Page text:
Stocks Roiled By Crazy Gyrations After Hawkish Fed: Markets Wrap
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(Bloomberg) -- Stocks saw wild swings, with traders overwhelmed by the many headlines that followed the Federal Reserve decision and Jerome Powell’s remarks and ended up signaling at least one thing: policy will remain aggressively tight -- making the odds of a soft landing look increasingly elusive.
The S&P 500 ended near session lows -- pushing its slide from a January record to more than 20%. The gauge whipsawed in the aftermath of the Fed announcement, climbing as much as 1.3% at one point. The two-year rate topped 4%, piercing that mark for the first time since 2007. The dollar rallied.
Fed Chair Jerome Powell said officials were “strongly committed” to curbing inflation after they raised interest rates by 75 basis points for a third straight time and signaled more hikes to come. Powell said his main message was that officials were “strongly resolved” to bring inflation down to the Fed’s 2% goal and added that “we will keep at it until the job is done.” The phrase invoked the title of former Fed chief Paul Volcker’s memoir “Keeping at It.”
“Jerome Powell almost channeled his inner Paul Volcker today, talking about the forceful and rapid steps the Fed has taken, and is likely to continue taking, as it attempts to stamp out painful inflation pressures and ward off an even worse scenario later down the line,” said Seema Shah, chief global strategist at Principal Global Investors. “With the new rate projections, the Fed is engineering a hard landing – a soft landing is almost out of the question.”
Officials forecast that rates would reach 4.4% by the end of this year and 4.6% in 2023, a more hawkish shift in their so-called dot plot than expected. That implies a fourth-straight 75-basis-point hike could be on the table for the next gathering in November -- about a week before the US midterm elections.
- “It seems like the market is wrestling with the possibility of higher rates at year-end on the one hand, and possibly getting the bulk of the rate hike cycle done sooner on the other hand. I think it’s fair to say this was a slightly hawkish surprise, but markets were expecting them to err on the hawkish side,” said Sameer Samana, Wells Fargo Investment Institute senior global market strategist.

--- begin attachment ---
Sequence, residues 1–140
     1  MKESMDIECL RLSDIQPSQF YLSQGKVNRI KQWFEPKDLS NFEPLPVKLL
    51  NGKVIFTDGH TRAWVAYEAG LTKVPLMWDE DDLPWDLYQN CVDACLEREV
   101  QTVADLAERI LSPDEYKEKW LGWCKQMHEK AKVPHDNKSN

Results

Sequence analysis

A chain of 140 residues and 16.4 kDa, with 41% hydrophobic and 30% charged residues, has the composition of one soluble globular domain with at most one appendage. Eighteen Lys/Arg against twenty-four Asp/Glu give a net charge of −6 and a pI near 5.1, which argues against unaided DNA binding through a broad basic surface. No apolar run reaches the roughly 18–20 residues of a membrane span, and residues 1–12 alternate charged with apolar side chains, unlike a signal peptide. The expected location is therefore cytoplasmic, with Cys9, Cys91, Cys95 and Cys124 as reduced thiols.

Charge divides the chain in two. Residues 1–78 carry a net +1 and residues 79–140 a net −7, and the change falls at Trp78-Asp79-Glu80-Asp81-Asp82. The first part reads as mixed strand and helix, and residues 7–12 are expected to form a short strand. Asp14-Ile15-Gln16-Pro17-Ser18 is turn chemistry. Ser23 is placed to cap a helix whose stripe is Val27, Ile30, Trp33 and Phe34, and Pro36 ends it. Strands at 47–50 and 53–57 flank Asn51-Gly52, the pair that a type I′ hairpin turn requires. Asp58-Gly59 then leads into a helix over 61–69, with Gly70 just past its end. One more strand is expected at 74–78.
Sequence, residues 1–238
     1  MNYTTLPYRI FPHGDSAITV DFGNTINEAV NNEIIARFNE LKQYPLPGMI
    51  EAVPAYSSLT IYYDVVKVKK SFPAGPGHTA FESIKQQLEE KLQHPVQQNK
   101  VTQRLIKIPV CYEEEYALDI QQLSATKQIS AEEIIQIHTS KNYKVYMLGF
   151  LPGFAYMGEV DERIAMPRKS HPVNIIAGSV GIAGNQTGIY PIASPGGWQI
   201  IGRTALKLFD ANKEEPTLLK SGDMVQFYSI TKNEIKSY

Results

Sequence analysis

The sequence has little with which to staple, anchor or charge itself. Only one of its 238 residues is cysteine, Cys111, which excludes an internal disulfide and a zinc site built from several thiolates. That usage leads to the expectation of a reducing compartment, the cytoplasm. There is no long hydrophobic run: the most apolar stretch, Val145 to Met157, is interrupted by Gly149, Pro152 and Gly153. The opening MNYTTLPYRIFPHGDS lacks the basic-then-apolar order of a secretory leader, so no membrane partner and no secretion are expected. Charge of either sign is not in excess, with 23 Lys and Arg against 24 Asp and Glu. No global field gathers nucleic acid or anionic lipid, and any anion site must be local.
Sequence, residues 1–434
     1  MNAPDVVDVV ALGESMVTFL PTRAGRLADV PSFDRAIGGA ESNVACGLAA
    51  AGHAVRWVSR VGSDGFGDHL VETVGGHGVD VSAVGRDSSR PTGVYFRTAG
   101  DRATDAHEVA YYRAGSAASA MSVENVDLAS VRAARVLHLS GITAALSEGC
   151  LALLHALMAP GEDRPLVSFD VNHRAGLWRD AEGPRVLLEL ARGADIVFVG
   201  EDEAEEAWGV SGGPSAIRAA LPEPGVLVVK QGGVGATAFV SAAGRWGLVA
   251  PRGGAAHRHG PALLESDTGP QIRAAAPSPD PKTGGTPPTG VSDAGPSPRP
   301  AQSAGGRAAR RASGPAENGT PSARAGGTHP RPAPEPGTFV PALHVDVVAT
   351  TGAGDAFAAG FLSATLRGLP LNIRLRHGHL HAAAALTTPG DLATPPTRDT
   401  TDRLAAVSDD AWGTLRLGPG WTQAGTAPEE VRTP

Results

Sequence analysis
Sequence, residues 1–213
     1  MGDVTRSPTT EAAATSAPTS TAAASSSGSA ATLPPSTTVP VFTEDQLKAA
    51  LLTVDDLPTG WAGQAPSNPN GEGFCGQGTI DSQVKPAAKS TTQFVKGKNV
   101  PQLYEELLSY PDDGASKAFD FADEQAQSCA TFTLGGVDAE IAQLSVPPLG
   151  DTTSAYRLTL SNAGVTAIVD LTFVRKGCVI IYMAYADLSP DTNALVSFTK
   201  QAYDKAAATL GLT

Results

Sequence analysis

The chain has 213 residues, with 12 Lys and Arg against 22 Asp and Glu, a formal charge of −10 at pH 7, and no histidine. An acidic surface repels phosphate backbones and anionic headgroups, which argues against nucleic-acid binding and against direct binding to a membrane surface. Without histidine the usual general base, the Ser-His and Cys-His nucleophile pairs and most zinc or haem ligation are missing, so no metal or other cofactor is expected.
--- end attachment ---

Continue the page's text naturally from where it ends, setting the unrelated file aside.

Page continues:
- “Today’s Fed action, combined with ongoing rollercoaster-like market volatility, underscore the unease of investors amid the magnified economic and market uncertainties driven by high inflation, corporate earnings warnings, geopolitical concerns and other factors weighing heavily on both Wall Street and Main Street,” said Greg Bassuk, chief executive officer at AXS Investments.
- “They have a brief window to act aggressively, and they seem eager to use it,” said Jan Szilagyi, co-founder of Toggle AI, an investment research firm.
- “The first set of Fed releases from the September meeting are unambiguously hawkish,” said Krishna Guha at Evercore. “The macro projections signal increased risk of a harder landing.”
- “The Fed was late to recognize inflation, late to start raising interest rates, and late to start unwinding bond purchases,” said Greg McBride, chief financial analyst at Bankrate. “They’ve been playing catch-up ever since. And they’re not done yet.”
- “The market seems to have hoped beyond hope that they would hear some reference to an end to rate hikes on the horizon, but that’s certainly not what we got today,” said Mike Loewengart, head of model portfolio construction at Morgan Stanley Global Investment Office. “It’s important to keep in mind that Fed policy operates on a lag, so it may be some time before we see inflation come down close to the Fed’s target.”
Read: Fed Delivers Third-Straight Big Hike, Sees More Increases Ahead
Key events this week:
- Bank of Japan monetary policy decision, Thursday
- The Bank of England interest rate decision, Thursday
- US Conference Board leading index, initial jobless claims, Thursday
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Here are some of the main moves in markets:
- The S&P 500 fell 1.7% as of 4 p.m. New York time
- The Nasdaq 100 fell 1.8%
- The Dow Jones Industrial Average fell 1.7%
- The MSCI World index fell 1.5%
- The Bloomberg Dollar Spot Index rose 0.7%
- The euro fell 1.2% to $0.9847
- The British pound fell 0.9% to $1.1281
- The Japanese yen was little changed at 143.88 per dollar
- The yield on 10-year Treasuries declined six basis points to 3.51%
- Germany’s 10-year yield declined three basis points to 1.89%
- Britain’s 10-year yield advanced two basis points to 3.31%
- West Texas Intermediate crude fell 0.7% to $83.34 a barrel
- Gold futures rose 0.6% to $1,681.40 an ounce
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